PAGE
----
Michele Van Loon encourages the middle-aged: “For those of us in the second half of life grappling with career decline, the process of relinquishment involves facing our mortality, embracing a self-denying posture, and worshiping the King. We see this in the story of Job. In the wake of losing his family, business, health, and reputation, Job doesn’t flinch from the temporal nature of life or the searing reality of death. Instead, he worships God. ‘Naked I came from my mother’s womb, and naked I will depart,’ he says. ‘The Lord gave and the Lord has taken away; may the name of the Lord be praised’ (Job 1:21).”

Abigail Murrish finds a way between the purity and hookup cultures: “In the end, one central truth became clear to me. Both purity culture and the libertine culture of my college campus—even though they advocated very different behaviors—had the same exact problem: They centralized sex and romantic relationships and gave the impression that both are essential for true fulfillment. Both purity culture and hook-up culture told me that sex and romantic relationships would satisfy my loneliness. And to that, God said, “Not true. I have something better.”

Thabiti Anyabwile rounds up some valuable resources: “So, below is a short list of representative titles that ought to be in every library. With the exception of the one-volume work that surveys the entire African-American sojourn, I’ve divided the list into major periods of African-American history so that the reader will have book-length works in each era. Some of the works are dated but still stand as classic and useful texts. I’ve attempted to include in each era works of standard history (not ideology passing as history) and at least one original source from an author in the era. I’m hoping the combination of a secondary text along with a primary source gives the reader a big picture view along with a lived experience.”

Rebecca Reynolds mourns a broken Christian culture: “Everything on the outside is black and white. People talk in a weird evangelical dialogue of ‘hashtag blessing’ this or that, and dividing every spiritual matter into us vs. them—while everything on your inside is suddenly a mass of toxic greys. There’s no place for sincere questions. There’s no place for the terror of uncertainty.”

Leslie Bustard paints a Biblical picture: “Genesis 1 illustrates how everything God created was overflowing with life. Magnifying the Creator’s goodness, the lush Garden was full of trees, flowers, and fruit, as well as animals, fish, and birds. God then shaped two persons and placed them there. This part of Creation—humanity—was made to image the Creator-King. Three times God stated he would make humans—male and female—in his own image [2], and then he commanded them to ‘Be fruitful and multiply and fill the earth and subdue it and have dominion...‘ (Genesis 1:28)”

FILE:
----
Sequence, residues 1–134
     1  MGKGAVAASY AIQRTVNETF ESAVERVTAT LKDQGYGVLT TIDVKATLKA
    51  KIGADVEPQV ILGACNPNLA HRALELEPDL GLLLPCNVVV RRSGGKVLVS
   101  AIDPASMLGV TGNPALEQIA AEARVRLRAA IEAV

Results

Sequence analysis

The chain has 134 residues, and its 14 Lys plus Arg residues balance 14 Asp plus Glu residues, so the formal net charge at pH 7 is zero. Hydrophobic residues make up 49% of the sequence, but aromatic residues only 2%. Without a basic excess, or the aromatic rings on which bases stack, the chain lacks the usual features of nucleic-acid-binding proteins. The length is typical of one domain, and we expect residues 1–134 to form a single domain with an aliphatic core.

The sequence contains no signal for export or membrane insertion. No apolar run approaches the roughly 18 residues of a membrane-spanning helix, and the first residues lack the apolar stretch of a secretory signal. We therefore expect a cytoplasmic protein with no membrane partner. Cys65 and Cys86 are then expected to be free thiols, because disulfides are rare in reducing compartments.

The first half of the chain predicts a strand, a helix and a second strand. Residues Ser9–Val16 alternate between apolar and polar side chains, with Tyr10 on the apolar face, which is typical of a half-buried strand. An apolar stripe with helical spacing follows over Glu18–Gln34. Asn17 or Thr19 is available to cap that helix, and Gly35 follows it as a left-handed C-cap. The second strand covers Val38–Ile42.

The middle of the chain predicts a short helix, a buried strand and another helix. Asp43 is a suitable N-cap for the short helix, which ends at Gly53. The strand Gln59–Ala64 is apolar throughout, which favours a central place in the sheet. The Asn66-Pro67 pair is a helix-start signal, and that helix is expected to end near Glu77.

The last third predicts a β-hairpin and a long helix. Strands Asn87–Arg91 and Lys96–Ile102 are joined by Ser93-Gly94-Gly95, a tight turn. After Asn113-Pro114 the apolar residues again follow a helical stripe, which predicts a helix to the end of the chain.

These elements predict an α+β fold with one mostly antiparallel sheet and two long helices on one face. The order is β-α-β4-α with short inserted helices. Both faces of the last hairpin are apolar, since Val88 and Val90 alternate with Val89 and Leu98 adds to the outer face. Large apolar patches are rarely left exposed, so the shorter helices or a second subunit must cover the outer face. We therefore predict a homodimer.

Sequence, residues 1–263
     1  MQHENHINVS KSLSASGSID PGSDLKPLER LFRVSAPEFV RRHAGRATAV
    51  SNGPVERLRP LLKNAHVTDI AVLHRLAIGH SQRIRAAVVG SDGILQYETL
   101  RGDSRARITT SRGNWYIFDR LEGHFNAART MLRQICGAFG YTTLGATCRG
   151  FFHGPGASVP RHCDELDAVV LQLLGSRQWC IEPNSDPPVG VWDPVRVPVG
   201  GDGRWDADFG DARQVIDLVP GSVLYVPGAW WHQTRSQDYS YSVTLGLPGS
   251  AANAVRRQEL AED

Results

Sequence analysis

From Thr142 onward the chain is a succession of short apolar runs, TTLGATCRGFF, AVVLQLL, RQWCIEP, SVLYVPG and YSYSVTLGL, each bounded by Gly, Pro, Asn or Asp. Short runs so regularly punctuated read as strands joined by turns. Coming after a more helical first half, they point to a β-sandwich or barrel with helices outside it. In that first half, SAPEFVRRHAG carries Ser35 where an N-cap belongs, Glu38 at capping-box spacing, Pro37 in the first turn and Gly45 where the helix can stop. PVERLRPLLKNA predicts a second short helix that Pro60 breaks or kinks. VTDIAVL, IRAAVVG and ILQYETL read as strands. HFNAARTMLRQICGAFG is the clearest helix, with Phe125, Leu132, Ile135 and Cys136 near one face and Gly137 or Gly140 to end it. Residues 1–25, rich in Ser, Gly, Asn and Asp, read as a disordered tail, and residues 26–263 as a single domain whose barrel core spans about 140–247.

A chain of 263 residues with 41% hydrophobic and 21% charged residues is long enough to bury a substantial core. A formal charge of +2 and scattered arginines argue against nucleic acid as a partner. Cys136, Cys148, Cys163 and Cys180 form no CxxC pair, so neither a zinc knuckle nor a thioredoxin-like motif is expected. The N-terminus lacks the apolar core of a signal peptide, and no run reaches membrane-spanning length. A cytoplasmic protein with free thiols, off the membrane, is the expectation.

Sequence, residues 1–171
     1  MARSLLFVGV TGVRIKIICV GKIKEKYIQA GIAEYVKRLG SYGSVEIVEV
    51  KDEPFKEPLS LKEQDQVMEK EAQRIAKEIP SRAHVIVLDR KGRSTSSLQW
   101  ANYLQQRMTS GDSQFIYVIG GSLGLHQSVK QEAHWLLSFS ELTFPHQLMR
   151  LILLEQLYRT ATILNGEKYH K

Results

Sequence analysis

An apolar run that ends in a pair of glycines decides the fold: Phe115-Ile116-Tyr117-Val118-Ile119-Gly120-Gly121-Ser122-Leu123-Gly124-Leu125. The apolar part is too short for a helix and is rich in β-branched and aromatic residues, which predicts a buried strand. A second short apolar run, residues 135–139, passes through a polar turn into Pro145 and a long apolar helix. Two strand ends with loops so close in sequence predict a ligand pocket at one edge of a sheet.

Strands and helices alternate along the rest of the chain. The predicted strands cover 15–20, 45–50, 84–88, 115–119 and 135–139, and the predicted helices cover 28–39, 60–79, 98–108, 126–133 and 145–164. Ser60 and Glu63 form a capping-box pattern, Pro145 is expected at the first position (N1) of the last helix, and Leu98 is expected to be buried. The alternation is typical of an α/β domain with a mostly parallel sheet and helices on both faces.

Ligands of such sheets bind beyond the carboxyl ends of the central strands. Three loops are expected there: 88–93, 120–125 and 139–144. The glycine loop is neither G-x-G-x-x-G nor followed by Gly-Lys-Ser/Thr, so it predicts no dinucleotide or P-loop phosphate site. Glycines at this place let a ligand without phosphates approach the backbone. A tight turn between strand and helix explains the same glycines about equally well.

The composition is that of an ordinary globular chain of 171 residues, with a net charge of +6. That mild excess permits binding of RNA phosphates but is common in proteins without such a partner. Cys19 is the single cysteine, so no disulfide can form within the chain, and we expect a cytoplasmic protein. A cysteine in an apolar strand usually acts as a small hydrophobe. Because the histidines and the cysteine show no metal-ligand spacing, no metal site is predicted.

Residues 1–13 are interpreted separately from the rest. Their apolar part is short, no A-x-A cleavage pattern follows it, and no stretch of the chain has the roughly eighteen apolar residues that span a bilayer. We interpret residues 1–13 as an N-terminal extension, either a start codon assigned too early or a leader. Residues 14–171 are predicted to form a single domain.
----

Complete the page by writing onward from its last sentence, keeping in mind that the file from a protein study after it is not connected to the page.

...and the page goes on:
Marisa Iati tells of an incredible rescue: “Four brothers, who were visiting Ireland from the D.C. area, had just unpacked their towels after arriving at Portmarnock Beach near Dublin, where they had expected to spend a relaxing afternoon Monday. Before they could think about it, they were sprinting into the sea and swimming toward the girl as fast as they could during the almost hour-long rescue.”

Madison Mainwaring digs up a little known impressionist painter: “With its apartment interiors and intimate gestures, Impressionism was at first considered womanly, and male painters were criticized for renouncing subjects better suited for posterity. When the movement took on monumental prominence in the 1970s, its stance against an école resonated with the counterculture of the time, whose emphasis was on individual transgression. But even while feminism galvanized its theoretical approaches, even as the virtues of the avant-garde were expounded, Morisot was written out of the movement of which she had been an integral part.”

The editors of National Review respond to the violence of this past weekend: “During the Cold War, Ian Fleming observed that ‘once is happenstance, twice is coincidence, the third time it’s enemy action.’ So it is here. It would be both too glib and too simplistic to smother the details of these attacks beneath a single word such as ‘horror’ or a catch-all euphemism such as ‘senseless.’ In America, as abroad, we see our fair share of inexplicable violence. But the patterns on display over the last few years have revealed that we are contending here not with another ‘lone wolf,’ but with the fruit of a murderous and resurgent ideology — white supremacy — that deserves to be treated by the authorities in the same manner as has been the threat posed by militant Islam.”

Podcast of the Week: Tish Harrison Warren and Jonathon Warren talk about women in ministry.